DeMarcus Ware, Julius Peppers lead list of All-Overrated defenders
It's always more fun to put together lists of underrated players (like we did for offense and defense) than it is to decide who in the NFL is getting more money, recognition or playing time than they deserve. It's also not always as cut-and-dried as you might think. It's easy to look at a stat line -- even a line of advanced stats -- and come away with a story that isn't altogether accurate. Some players are dealing with injuries, while others are at odds with their head and position coaches over seemingly incompatible schemes.
Brandon Flowers, the former Kansas City Chiefs and current San Diego Chargers cornerback, is a good example. In 2013, new defensive coordinator Bob Sutton deserved all the praise he got for turning the Chiefs defense around, but his decision to play Flowers much more in the slot (22 slot snaps in 2011, 15 slot snaps in '12, and 272 slot snaps in '13) backfired mightily. Flowers looked like a fish out of water more often than not, and it was partially this that led to his release from the team in mid-June. The Chargers, who had the NFL's worst secondary by far in 2013, picked Flowers up and will use him more where he belongs in the upcoming season -- outside, alternating between press coverage and zone concepts.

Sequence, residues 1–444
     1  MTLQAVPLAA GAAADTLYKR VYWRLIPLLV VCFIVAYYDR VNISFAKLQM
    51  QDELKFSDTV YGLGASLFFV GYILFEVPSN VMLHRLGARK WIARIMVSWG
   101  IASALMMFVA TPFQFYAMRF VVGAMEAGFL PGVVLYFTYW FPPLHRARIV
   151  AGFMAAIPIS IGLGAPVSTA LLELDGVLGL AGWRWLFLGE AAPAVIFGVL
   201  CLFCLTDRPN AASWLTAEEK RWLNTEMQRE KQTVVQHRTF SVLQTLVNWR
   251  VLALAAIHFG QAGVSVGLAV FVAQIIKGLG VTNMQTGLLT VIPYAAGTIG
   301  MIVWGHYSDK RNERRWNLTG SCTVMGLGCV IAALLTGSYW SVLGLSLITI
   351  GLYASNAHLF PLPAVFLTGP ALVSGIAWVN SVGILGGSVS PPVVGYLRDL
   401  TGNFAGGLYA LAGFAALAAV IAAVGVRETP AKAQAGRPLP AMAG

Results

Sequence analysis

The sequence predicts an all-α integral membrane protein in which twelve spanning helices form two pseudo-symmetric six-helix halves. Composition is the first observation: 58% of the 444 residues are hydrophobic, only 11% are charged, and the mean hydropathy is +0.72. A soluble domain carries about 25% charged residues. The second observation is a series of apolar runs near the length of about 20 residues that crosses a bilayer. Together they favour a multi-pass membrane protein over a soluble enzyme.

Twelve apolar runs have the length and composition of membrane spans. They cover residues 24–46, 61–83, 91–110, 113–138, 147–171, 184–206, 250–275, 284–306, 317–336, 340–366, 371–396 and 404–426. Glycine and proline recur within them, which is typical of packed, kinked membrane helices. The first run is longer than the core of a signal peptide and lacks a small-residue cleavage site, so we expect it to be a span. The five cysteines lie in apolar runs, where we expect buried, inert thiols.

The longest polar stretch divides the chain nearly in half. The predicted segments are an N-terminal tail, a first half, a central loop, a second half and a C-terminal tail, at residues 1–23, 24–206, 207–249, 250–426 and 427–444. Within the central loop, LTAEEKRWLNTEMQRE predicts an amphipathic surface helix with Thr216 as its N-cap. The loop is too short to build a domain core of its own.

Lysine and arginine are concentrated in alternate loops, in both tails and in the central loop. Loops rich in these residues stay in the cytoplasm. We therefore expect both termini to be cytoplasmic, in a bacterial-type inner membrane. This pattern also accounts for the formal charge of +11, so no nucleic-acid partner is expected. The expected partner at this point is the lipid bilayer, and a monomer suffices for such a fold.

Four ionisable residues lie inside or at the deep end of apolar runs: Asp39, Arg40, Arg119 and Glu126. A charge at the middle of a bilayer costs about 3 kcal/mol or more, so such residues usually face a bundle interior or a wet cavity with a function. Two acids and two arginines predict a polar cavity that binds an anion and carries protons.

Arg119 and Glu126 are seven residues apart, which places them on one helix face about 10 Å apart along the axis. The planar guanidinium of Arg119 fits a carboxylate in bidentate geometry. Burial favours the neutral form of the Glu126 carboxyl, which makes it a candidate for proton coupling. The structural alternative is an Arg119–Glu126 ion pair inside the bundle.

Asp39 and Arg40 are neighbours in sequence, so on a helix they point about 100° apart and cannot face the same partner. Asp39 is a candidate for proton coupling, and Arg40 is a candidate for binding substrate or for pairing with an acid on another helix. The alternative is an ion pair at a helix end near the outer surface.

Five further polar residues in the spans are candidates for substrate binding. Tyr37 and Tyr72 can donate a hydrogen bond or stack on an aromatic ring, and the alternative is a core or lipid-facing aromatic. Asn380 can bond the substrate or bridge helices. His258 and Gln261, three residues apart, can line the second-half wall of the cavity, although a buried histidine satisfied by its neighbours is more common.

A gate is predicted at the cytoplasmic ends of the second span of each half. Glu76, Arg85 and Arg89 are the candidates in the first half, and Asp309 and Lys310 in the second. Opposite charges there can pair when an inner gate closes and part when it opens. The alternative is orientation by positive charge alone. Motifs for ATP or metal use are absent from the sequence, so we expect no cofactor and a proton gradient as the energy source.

That said, there are times when a player is in the right scheme, and is coached well, and is paid well ... and just isn't delivering the goods. Here, sadly, are a few of those players at each defensive position (our All-Overrated offense is set to publish Tuesday).
In this clip from the SI.com Audibles Podcast, Ben Eagle, Doug Farrar and Chris Burke discuss which veterans could be in trouble of losing reps to younger players behind them on the depth chart.